@bikram sir, shouldnt the answer be 8 ??

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A relation $R(P,Q,R,S)$ has $\{PQ, QR, RS, PS\}$ as candidate keys. The total number of superkeys possible for relation $R$ is ______

with 4 elements i.e. {P,Q,R,S}, the number of combinations possible are 2^{4} i.e. 16. Now from these 16 exclude o length and 1 length elements. thus 16-5 = 11. now with the length of 2 two combinations are not candidate keys i.e. PR and QS. So subtract these 2 also.

Hence 11-2 i.e. 9 are the candidate keys

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Best answer

Number of Superkeys which are superset of PQ = 2^2 = 4

Number of Superkeys which are superset of QR = 2^2 = 4

Number of Superkeys which are superset of PS = 2^2 = 4

Number of Superkeys which are superset of RS = 2^2 = 4

Number of Superkeys which are superset of PQR = 2^1 = 2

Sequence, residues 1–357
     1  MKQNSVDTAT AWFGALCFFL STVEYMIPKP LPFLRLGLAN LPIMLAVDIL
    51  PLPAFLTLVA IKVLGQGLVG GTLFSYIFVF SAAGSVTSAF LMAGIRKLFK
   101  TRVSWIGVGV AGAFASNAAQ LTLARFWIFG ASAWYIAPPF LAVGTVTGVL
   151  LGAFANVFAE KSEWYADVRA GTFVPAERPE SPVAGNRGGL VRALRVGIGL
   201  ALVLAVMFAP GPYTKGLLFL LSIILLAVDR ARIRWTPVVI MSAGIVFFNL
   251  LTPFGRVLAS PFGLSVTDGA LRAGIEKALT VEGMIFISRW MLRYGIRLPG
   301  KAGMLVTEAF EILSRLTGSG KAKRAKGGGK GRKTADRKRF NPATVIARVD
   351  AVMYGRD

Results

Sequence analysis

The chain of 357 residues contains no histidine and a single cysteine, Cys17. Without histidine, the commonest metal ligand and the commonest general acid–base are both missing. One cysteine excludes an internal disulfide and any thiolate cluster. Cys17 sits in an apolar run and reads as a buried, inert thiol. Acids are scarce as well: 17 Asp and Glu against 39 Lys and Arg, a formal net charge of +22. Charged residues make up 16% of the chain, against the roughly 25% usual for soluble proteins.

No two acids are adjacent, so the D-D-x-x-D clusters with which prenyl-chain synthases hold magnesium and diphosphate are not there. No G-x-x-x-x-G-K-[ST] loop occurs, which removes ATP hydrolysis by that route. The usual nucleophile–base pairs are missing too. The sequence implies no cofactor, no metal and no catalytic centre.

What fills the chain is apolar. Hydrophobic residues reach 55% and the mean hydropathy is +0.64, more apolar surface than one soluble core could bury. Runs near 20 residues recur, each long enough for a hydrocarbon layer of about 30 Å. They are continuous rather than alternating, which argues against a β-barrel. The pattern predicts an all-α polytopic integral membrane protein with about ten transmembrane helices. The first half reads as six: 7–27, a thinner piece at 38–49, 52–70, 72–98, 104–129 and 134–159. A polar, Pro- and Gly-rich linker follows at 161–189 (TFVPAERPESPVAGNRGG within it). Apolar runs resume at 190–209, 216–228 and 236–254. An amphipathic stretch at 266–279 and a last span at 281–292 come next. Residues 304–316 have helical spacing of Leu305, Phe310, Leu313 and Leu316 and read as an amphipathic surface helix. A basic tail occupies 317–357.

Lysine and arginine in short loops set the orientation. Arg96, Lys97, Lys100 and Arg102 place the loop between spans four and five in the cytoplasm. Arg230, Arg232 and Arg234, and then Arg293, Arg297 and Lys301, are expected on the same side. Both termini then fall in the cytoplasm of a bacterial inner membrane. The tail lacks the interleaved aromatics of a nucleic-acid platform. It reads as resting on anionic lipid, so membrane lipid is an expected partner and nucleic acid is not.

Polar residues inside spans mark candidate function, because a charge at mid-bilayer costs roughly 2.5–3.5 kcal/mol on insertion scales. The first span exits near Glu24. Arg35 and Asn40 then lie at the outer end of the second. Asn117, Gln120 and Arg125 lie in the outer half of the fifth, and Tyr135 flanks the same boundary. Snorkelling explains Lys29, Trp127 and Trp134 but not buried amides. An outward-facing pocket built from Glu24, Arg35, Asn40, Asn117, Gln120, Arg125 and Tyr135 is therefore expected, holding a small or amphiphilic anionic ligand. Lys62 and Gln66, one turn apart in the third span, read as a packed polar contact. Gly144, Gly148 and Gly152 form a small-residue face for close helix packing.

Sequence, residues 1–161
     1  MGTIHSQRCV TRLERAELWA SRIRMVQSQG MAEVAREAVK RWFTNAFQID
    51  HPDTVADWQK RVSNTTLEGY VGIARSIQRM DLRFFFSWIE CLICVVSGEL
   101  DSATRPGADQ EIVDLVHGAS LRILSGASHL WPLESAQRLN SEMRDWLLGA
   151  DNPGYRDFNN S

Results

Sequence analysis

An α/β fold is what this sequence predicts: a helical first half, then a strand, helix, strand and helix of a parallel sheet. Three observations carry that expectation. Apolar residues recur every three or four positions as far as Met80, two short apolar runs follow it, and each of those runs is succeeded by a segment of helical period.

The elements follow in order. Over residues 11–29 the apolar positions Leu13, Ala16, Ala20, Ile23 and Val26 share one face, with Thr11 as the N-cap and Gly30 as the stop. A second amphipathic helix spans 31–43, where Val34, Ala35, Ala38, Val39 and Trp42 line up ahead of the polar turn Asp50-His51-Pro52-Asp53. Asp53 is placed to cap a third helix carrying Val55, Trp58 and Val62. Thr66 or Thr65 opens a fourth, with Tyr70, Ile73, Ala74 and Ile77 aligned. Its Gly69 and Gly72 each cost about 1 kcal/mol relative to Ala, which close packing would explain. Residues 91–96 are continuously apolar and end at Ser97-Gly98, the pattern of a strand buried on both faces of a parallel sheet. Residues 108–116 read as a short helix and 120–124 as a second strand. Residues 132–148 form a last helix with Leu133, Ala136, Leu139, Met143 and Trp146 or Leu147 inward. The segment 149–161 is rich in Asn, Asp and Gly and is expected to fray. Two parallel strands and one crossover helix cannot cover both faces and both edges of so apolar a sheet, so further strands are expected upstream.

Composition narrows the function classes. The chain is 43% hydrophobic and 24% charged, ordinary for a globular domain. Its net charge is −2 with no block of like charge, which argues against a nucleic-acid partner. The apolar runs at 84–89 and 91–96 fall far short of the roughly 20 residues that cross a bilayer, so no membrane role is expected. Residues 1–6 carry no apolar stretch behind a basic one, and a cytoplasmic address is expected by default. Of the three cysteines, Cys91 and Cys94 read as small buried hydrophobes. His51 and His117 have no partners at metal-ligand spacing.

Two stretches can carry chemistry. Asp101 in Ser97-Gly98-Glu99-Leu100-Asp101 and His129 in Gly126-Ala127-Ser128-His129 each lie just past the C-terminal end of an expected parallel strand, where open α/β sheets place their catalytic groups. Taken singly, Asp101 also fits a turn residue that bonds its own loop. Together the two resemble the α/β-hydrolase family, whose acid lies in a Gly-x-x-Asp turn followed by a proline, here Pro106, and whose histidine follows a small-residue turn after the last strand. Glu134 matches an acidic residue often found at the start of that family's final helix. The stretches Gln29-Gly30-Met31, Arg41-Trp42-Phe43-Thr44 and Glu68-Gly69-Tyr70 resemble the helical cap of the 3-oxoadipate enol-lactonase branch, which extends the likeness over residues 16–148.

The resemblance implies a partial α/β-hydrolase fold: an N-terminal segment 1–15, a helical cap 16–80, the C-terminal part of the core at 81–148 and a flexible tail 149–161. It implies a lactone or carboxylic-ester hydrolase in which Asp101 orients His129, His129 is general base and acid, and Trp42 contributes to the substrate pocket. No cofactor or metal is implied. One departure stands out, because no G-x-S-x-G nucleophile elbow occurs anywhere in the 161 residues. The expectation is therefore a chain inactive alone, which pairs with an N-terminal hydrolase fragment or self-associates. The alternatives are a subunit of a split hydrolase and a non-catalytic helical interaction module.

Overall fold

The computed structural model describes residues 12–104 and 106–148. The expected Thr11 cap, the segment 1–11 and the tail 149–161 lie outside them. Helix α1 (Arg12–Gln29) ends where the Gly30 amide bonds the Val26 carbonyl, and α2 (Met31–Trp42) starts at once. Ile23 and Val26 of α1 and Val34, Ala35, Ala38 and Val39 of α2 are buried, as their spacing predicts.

Number of Superkeys which are superset of PQS = 2^1 =2

Number of Superkeys which are superset of PRS = 2^1 =2

Number of Superkeys which are superset of QRS = 2^1 = 2

Number of Superkeys which are superset of PQRS = 2^0 = 1

So, applying the formula of Set theory, the total number of Superkeys possible on given relation are = 4+4+4+4-2-2-2-2+1 = 9

Number of Superkeys which are superset of QR = 2^2 = 4

Number of Superkeys which are superset of PS = 2^2 = 4

Number of Superkeys which are superset of RS = 2^2 = 4

Number of Superkeys which are superset of PQR = 2^1 = 2

Number of Superkeys which are superset of PQS = 2^1 =2

Number of Superkeys which are superset of PRS = 2^1 =2

Number of Superkeys which are superset of QRS = 2^1 = 2

Number of Superkeys which are superset of PQRS = 2^0 = 1

So, applying the formula of Set theory, the total number of Superkeys possible on given relation are = 4+4+4+4-2-2-2-2+1 = 9